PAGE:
2. "I Have Confidence" from The Sound of Music

Richard Rodgers and Oscar Hammerstein II's mammoth Broadway hit, The Sound of Music, ran into some difficulties on the road to becoming the unparalleled cinematic success it eventually became. Hammerstein had died and Rodgers was writing both music and lyrics for the two original songs being added to the film. Of those, everyone was happy with the ballad "Something Good," but there was frustration with his drafts of a sort of reverse "I want" song being given to Maria, "I Have Confidence." Associate producer Saul Chaplin (an influential musical director and arranger behind many major movie musicals) eventually wrote a new version of "I Have Confidence" based on and inspired by Rodgers's attempts and incorporating the music to the verse of the song "The Sound Of Music" not otherwise heard in the film. (The song remained credited to Rodgers.) Chaplin details this behind-the-scenes saga in his fascinating book, "The Golden Age of Movie Musicals and Me." His work preserving the Rodgers feel of the song was spot on and the result is a high point in the movie.

Liza Minnelli
Liza Minnelli

1. "Maybe This Time" from Cabaret

John Kander and Fred Ebb didn't write "Maybe This Time" for the film adaptation of Cabaret (or for Cabaret at all) nor did they write it for Liza Minnelli, although she sang it in concert and on albums prior to performing it in the film. Nonetheless, Minnelli's peerless rendition in Bob Fosse's 1972 masterpiece "Cabaret" movie is the ideal realization of their creation. Her idiosyncratic voice is just hitting its peak, and gloriously, as she sings. There's not one false note as she so wholly embodies the character of Sally Bowles in her desperate neediness and zealous ambition. It's a perfect moment in Fosse's film, but it doesn't work all that well in stage versions. Productions keep adding it, though, because it's such a great song and no one is ever sad to hear it.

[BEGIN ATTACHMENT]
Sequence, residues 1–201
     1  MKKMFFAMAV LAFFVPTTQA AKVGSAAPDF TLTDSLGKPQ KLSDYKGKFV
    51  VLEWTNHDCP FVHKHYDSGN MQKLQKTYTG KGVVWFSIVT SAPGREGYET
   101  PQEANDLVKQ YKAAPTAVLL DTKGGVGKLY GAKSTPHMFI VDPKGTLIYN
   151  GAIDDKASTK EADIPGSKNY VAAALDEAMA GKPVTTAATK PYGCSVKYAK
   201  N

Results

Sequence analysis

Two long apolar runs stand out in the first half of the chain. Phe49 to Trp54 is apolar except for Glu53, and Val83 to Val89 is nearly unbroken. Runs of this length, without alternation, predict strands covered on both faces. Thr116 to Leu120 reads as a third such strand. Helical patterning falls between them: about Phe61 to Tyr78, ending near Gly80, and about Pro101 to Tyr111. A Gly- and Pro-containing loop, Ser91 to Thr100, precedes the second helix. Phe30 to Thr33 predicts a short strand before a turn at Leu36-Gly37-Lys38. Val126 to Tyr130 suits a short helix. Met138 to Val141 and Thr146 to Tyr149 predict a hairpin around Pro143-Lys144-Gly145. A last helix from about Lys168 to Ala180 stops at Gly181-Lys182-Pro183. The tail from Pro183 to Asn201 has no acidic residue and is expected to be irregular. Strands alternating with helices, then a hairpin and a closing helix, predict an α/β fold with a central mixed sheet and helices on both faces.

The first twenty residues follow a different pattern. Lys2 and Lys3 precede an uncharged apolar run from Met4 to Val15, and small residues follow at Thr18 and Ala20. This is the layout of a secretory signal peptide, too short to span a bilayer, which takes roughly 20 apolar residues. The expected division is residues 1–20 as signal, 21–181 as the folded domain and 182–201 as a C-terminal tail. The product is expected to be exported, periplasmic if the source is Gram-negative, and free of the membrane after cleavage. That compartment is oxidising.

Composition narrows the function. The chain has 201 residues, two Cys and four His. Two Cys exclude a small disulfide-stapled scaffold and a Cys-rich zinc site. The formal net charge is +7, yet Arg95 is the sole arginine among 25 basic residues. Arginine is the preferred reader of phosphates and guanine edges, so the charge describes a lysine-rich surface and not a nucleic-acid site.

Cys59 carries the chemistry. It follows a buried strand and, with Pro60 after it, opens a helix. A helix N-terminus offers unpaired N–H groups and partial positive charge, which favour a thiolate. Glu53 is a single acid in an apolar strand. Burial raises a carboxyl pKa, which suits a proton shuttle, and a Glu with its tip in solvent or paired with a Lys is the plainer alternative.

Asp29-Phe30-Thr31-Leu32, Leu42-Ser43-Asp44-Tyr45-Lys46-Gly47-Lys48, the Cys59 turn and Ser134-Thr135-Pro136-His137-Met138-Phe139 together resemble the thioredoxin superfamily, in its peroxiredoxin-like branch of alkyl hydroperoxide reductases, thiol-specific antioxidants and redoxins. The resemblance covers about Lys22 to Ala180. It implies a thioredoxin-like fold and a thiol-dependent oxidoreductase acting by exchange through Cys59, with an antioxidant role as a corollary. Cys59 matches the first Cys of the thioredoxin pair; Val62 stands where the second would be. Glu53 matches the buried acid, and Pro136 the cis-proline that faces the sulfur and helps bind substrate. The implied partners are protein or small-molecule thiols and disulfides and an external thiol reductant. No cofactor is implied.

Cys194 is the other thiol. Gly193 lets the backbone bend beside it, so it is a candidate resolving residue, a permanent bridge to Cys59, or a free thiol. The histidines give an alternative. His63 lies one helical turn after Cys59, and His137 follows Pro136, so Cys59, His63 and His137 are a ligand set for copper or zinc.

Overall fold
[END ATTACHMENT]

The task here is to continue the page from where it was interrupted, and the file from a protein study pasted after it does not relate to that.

(Ben Rimalower is the author and original star of the critically acclaimed Patti Issues, currently on a worldwide tour. His new solo play, Bad with Money, begins performances Sept. 4 at The Duplex in NYC. Read Playbill's coverage of the show here. Visit him at benrimalower.com and follow @benrimalower on Twitter.)